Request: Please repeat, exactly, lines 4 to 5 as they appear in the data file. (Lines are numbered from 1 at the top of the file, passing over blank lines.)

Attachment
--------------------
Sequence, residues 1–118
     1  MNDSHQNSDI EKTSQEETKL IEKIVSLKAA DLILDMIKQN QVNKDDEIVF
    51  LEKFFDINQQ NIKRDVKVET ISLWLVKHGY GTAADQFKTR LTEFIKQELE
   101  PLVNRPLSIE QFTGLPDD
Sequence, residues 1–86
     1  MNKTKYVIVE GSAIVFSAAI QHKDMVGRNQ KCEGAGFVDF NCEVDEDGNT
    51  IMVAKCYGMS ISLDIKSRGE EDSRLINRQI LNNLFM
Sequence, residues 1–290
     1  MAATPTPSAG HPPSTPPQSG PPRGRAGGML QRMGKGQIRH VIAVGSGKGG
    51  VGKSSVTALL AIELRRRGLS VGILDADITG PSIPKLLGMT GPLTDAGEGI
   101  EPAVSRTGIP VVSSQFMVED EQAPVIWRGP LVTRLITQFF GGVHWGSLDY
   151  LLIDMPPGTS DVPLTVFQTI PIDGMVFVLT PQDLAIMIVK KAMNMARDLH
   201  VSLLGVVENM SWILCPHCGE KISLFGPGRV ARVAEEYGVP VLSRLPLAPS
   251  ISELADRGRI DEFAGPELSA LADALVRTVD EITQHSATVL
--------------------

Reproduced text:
   101  PLVNRPLSIE QFTGLPDD
Sequence, residues 1–86